Homeowners tired of watering, fertilizing and mowing grass have a new low-maintenance lawn option -- peanuts.
No, it’s not the crunchy snack. And these plants don't produce food.
University of Florida researchers say a plant called rhizoma perennial peanut is gaining popularity as a groundcover. A distant cousin of the well-known crop, perennial peanut is already used to produce livestock forage and hay. Some types make a hardy, attractive lawn or groundcover.
To spur interest, UF’s Institute of Food and Agricultural Sciences has released two rhizoma perennial peanuts for ornamental use, Arblick and Ecoturf. They are formally announced in the current issue of Journal of Plant Registrations.
Both grow low to the ground and produce dense green foliage with small yellow-orange flowers, said Ann Blount, an associate professor with UF’s North Florida Research and Education Center in Marianna.
The plants were released into the public domain, so anyone may buy, sell or grow them.
Ken Quesenberry, a retired UF agronomist who’s studied the crop for years, points out that some plants marketed as perennial peanut do not grow from communal root systems, called rhizomes.
Those root systems help the plant withstand heavy foot traffic and allow them to bounce back from winter frost. Sometimes called pintoi perennial peanut, the non-rhizoma plants are suitable for South Florida but aren’t as cold-tolerant as rhizoma varieties, he said.
Researchers didn’t breed the plants—instead, they collected wild specimens in South America in the 1950s, Blount said. For decades afterward, UF agronomists Tito French and Gordon Prine studied these and other perennial peanuts as potential livestock forages and hay crops; in recent years they began providing samples to commercial sod producers.
Blount hopes the new perennial peanuts catch on, because only one forage variety is widely grown in the state. Called Florigraze, it’s produced on about 30,000 acres.
“UF made a conscious effort to broaden the genetic diversity of perennial peanut by giving these plants away,” she said.
Here’s why: If too many people grow genetically identical plants, one disease or pest could potentially destroy them all. When multiple varieties are grown, there’s less risk.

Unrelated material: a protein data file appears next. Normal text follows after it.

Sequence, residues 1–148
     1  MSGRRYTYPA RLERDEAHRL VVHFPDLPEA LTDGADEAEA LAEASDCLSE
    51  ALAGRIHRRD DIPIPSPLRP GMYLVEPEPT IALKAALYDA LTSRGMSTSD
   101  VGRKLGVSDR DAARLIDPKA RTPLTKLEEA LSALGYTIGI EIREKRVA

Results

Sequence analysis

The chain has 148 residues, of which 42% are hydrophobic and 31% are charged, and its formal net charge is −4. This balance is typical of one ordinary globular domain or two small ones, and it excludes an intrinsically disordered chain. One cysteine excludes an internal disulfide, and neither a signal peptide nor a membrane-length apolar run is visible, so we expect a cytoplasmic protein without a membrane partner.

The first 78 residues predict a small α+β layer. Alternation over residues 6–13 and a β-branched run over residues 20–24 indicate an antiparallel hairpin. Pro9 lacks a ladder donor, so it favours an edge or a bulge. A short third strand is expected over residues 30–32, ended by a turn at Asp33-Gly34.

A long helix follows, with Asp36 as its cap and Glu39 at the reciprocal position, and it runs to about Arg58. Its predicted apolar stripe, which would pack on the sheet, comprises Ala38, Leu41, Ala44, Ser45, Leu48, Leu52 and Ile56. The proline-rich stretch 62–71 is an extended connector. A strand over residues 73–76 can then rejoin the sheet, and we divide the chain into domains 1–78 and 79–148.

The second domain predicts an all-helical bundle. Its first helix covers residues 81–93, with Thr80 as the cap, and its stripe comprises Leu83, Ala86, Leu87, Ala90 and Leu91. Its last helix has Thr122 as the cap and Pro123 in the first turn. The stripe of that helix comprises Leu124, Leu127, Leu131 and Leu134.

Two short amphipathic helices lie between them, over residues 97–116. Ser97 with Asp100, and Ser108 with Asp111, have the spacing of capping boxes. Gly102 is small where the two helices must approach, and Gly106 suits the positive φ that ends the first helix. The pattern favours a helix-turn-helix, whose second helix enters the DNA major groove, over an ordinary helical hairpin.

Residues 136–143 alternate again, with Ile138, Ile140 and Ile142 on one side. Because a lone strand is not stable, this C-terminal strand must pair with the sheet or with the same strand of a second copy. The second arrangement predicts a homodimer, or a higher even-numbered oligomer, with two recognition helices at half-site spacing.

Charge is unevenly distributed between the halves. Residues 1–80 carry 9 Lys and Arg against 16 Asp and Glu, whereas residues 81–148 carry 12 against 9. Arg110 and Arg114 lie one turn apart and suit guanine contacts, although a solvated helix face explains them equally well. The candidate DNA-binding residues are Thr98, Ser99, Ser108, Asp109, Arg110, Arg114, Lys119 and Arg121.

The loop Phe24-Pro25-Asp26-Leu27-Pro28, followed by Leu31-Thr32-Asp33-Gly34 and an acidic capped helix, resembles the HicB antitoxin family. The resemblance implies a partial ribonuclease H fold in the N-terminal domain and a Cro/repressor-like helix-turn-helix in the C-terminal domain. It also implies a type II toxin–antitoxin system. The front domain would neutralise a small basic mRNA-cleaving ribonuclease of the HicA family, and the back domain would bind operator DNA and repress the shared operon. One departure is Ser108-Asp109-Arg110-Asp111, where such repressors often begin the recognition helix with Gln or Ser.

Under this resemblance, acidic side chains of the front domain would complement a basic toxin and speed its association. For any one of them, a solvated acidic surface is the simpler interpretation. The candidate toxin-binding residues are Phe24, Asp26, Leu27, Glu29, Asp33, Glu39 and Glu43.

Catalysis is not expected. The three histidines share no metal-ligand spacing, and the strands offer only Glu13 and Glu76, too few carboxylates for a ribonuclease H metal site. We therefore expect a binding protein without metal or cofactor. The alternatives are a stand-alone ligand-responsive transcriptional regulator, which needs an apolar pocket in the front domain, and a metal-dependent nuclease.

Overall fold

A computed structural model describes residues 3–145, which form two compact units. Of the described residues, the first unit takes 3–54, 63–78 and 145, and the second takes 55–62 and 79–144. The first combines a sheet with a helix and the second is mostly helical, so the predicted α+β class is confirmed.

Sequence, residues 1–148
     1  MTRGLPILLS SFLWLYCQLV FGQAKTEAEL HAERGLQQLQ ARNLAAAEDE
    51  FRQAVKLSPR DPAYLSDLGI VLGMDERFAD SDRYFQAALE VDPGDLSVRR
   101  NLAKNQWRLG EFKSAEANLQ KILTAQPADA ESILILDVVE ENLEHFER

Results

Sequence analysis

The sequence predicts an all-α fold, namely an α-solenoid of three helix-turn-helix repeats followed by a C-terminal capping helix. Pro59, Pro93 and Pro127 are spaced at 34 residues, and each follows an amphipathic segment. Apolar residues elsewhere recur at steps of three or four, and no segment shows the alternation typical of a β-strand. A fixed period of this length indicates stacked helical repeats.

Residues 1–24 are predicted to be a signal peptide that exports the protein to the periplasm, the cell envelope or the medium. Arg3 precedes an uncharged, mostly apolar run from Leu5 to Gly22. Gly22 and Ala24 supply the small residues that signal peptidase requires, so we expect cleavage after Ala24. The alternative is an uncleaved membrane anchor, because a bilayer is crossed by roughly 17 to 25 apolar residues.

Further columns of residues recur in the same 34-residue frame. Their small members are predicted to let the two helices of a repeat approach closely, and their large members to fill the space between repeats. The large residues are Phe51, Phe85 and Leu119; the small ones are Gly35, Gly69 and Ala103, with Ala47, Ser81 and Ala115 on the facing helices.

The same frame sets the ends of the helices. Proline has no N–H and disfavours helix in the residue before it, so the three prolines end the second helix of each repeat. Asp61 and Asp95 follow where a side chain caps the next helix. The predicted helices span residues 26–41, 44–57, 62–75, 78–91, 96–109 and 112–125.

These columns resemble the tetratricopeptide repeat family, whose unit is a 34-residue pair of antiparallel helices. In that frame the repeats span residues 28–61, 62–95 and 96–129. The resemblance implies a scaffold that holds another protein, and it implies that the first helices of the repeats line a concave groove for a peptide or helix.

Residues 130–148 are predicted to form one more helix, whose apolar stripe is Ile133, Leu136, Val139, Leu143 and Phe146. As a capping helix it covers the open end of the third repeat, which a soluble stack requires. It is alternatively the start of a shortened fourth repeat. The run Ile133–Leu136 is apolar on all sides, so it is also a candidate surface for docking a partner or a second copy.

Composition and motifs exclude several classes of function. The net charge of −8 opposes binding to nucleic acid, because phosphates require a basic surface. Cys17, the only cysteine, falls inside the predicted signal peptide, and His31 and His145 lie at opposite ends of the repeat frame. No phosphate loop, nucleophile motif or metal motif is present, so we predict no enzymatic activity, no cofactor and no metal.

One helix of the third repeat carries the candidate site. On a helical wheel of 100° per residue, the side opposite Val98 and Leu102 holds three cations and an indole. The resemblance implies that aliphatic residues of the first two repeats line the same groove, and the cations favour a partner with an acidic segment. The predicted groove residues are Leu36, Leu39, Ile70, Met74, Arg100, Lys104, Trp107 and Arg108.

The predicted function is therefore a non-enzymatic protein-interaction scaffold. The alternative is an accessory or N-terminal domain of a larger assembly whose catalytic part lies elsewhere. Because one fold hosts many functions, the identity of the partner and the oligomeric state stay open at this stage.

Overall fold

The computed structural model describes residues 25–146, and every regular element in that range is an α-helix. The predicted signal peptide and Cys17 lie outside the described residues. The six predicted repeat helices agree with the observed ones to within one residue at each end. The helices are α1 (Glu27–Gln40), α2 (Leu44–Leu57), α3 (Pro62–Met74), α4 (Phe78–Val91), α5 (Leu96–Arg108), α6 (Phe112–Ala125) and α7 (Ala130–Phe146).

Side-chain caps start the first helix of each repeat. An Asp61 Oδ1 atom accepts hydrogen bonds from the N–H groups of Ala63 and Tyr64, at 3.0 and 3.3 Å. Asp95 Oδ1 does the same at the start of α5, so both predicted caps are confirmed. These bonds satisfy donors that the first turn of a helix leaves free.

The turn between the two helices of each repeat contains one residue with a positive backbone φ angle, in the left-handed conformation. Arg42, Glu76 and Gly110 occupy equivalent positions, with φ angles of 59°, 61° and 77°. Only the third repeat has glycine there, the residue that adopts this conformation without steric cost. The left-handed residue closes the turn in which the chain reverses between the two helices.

Fortunately, rhizoma perennial peanuts are tough. They require about half the water turfgrass does, and need little fertilizer—like most legumes, rhizoma perennial peanuts produce their own nitrogen.
UF is evaluating almost 40 rhizoma perennial peanuts, some of them suited to ornamental use, he said. Researchers hope to identify shade-tolerant varieties, which would expand the crop’s potential for home lawns.
Quesenberry said it’s anyone’s guess whether perennial peanut will ever rival turfgrass in popularity. But the legume will probably get attention in communities with water restrictions, he said.
Some businesses install perennial peanut lawns and many consumers are intrigued, said Jerry Stageman, an owner of Sunset Specialty Groundcover in Jacksonville. But recent economic woes have slowed sales, he said.
“People just don’t have as much money to spend right now,” said Stageman, who grows about 50 acres of ornamental perennial peanut and installs it statewide.
Greater public awareness could boost demand, said Steve Basford, a Jackson County-based grower and president of the Perennial Peanut Producers Association.
Another possibility is that perennial peanut and turfgrass could be grown together in lawns, which might reduce the need for nitrogen fertilizer, said Gary Knox, a professor at UF’s North Florida Research and Education Center in Quincy.
“We’re just getting started exploring the possibilities,” Knox said. “It looks like a sure winner when we come up with the right varieties.”
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